I’d heard that President Obama delivered the eulogy for State Senator Rev. Clementa Pinckney; but that doesn’t begin to describe the sermon he preached.
I would especially encourage white Christians who are unfamiliar with the black church, to take half an hour and listen to this sermon, which inspired even a black atheist. It gave me a much greater appreciation of the central role that the black church has played in the African American community since the days of slavery, and also some insight into the liturgical and preaching style of the black church.
Let me reassure my Catholic readers that there is much you will find familiar in the sermon, although it is expressed in different ways: a call to “express God’s grace” where we would say “cooperate with God’s grace so that it bears fruit in our lives”, for example. But I heard nothing alien, and much to which I could say Amen.
For those who’d like to read more about the black church in America, this article by Michele M. Simmsparris on the significance of black church burnings is excellent: it necessarily explains the historical role of the black church in order to explain the significance of attacks on these churches.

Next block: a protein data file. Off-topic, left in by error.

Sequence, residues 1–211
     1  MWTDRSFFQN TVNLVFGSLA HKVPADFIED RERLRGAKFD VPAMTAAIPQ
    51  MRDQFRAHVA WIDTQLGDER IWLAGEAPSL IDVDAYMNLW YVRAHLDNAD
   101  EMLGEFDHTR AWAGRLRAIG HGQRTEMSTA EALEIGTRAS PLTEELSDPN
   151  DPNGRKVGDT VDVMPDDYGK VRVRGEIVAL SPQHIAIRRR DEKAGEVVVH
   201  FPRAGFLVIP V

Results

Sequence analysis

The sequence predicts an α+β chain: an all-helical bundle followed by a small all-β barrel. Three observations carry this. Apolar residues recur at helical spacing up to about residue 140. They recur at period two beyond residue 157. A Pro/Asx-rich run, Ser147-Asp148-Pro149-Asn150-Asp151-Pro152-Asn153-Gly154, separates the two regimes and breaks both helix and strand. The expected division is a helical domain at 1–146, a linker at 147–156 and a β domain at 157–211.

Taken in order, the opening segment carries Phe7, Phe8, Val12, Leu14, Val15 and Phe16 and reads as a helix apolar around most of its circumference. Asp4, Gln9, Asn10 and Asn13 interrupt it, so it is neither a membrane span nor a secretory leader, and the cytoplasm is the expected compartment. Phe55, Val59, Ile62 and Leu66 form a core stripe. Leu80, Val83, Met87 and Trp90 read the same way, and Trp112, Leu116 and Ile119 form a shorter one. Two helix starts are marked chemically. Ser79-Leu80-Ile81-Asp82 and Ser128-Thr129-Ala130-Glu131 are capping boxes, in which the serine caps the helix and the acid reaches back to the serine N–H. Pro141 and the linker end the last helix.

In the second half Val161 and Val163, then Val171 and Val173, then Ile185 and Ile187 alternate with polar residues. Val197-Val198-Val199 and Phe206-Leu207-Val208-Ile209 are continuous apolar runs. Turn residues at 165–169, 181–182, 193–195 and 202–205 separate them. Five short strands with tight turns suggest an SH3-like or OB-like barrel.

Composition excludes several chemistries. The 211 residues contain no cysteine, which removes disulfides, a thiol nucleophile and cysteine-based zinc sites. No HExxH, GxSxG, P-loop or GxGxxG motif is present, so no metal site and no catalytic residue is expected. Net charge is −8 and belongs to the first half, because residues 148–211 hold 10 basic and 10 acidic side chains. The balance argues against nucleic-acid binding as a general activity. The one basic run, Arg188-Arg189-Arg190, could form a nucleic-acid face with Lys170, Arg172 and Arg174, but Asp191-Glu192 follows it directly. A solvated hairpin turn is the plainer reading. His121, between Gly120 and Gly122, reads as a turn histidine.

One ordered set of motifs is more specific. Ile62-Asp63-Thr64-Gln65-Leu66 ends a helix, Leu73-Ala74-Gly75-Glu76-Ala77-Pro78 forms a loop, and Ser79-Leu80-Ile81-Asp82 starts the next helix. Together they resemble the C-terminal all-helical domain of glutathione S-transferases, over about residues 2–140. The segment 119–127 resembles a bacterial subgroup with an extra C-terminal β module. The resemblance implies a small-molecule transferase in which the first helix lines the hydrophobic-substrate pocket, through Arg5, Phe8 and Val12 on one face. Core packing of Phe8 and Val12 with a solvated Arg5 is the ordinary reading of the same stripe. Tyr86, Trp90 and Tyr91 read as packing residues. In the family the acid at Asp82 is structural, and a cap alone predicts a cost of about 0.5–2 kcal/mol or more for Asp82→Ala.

I’d actually started this blog post a day or so after the funeral for Rev. Pinckney, and meant to post it then. But as it turns out, I think it is a helpful reflection for the Fourth of July, as we consider when and how this nation has, and has not, lived up to its professed acknowledgement that life, liberty, and the pursuit of happiness are inalienable rights for all persons; and especially how white Americans have, at best, been willingly ignorant of the ways in which other white Americans have conspired to deny these rights to our black sisters and brothers, whether by more or less covert acts of racism, or by acts of terrorism like the Charleston massacre and the subsequent burning of black churches across the south.
God mend thine every flaw:
Confirm thy soul in self-control,
Thy liberty in law.